2005 The Hyphen
A three-phase installation project based on a photo taken at El Amari refugee camp (Ramallah) and exploring through spatial means different situations of connection, separation, and in-between in the Isreali-Palestinian context.
- 2005 Israel, Holon: Holon Institute of Technology
- 2006 Israel, Tel Aviv: Artists House
- 2007 Israel, Petach Tikvah: Museum of Contemporary Art

- Drorit Gur Arie [museum director]
- Ronni Setter [director of HIT]
- Yona Fischer [independent curator]
- Artists House [financial support]
- Artists House [technical support]
- Holon Institute of Technology [technical support]
- Holon Institute of Technology (HIT) [financial support]
- Petach Tikvah Museum of Contemporary Art [financial support]
- Petach Tikvah Museum of Contemporary Art [technical support]

2005 The Hyphen
The Hyphen
A photo taken by the student of a friend of mine (sociologist Sylvaine Bulle) in Al-Amari refugee camp near Ramallah triggered the project. The picture shows a tree caught between two walls, standing in the inner space of one of the buildings and the external space of the other, and vice versa. This borderline situation brought me to reflect about language: the visual, conceptual, and metaphoric parallel with the hyphen, the short dash used to connect or separate words or syllables.

The first installation The Hyphen I. El Amari Refugee Camp (Ramallah) at the gallery of the Design faculty, Holon Institute of Technology, Israel (2005) replicates the original photo in real life. For it, I had a labyrinth, based on a Z shape, constructed in bricks. It had narrow passages and arrow slits opening to the outside. An uprooted cypress was placed between two blocks of concrete, as material representation of the hyphen. The installation creates an intermediary state between inside and outside. It is a metaphorical illustration of the in-between situation experienced by displaced persons (refugee, migrant).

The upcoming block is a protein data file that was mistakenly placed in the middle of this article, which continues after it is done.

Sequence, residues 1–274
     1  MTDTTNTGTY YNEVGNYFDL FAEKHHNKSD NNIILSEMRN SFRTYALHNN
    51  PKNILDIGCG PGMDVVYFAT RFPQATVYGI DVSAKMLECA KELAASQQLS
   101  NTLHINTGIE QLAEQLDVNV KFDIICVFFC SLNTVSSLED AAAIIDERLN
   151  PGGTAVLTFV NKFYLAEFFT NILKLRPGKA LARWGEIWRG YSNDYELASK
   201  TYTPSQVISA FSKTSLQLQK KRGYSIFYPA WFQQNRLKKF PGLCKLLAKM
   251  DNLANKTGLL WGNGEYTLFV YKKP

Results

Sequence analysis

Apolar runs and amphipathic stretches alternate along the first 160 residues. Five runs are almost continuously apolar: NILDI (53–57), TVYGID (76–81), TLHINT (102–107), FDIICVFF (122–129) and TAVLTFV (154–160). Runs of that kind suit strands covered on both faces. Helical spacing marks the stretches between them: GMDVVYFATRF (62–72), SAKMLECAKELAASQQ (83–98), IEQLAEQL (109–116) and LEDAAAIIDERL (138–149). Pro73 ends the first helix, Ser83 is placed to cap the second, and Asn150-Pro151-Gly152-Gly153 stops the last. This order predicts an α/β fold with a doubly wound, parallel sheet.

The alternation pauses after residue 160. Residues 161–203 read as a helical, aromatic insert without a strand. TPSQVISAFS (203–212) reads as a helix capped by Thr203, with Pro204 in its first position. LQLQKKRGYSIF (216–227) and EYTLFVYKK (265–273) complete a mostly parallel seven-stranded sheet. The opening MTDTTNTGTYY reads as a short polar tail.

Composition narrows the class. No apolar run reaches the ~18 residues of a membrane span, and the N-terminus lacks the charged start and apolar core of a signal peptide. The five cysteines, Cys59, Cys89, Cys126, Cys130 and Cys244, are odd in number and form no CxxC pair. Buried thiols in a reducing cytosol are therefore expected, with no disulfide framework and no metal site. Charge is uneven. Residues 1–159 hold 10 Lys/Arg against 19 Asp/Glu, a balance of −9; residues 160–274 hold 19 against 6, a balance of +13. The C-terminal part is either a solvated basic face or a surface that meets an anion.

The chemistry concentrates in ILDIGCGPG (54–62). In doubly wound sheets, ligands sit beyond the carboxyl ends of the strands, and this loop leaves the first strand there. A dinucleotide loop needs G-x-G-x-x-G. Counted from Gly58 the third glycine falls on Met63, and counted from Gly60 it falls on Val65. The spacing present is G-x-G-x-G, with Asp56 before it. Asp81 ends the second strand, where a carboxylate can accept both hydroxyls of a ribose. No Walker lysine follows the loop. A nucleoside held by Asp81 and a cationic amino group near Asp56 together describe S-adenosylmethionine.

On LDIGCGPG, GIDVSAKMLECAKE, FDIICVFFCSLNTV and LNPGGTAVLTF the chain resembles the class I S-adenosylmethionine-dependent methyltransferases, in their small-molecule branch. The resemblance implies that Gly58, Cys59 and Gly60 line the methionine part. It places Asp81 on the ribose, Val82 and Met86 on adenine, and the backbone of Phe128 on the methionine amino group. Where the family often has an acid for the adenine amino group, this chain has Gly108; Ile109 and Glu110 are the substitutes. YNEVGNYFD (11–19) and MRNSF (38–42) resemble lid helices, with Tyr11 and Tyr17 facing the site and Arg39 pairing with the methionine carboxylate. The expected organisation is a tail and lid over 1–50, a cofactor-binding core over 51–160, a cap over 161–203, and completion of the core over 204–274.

The second installation The Hyphen II: Tel-Aviv—Jaffa at the Artists House, Tel-Aviv, Israel (2006) focuses on the local context. The name Tel-Aviv–Jaffa contains two types of hyphen. The first, connecting Tel and Aviv, indicates association. The name Tel-Aviv is connected to the name Jaffa with a different type of hyphen. It is a municipal hyphen, one of annexation; a hyphen whose very connecting function embodies separation. In 2009 Tel-Aviv was to celebrate the centennial of her founding. I asked myself: What about the other part of the name Tel-Aviv—Jaffa? What anniversary will Jaffa, the other “part” of the city, celebrate in 2009? The process of reconstruction leveled the physical space and abolished the contours of historical times in Jaffa and Tel-Aviv. Ancient and historical quarters have been erased for the sake of “progress.” The project deals with the geopolitical and demographical developments in this “united” territory. Through a series of drawing—earlier works such as Palimpsests and works created onsite at the border between Jaffa and Tel-Aviv—it evokes the power of the dash (drawing line).

The third installation The Hyphen III: The Cypress at Petach Tikvah Museum of Contemporary Art, Israel (2007) comes back to the original photo. It consists of a stage and a large wall painted in white and lit with a strong white cold light. At one third of the stage’s length, two chairs confront each other. At the second third, a hole is blocked with a cypress blocks. The installation symbolizes the impossibility of talking and exchanging mixed with the cypress as a local tree and a cultural symbol of death.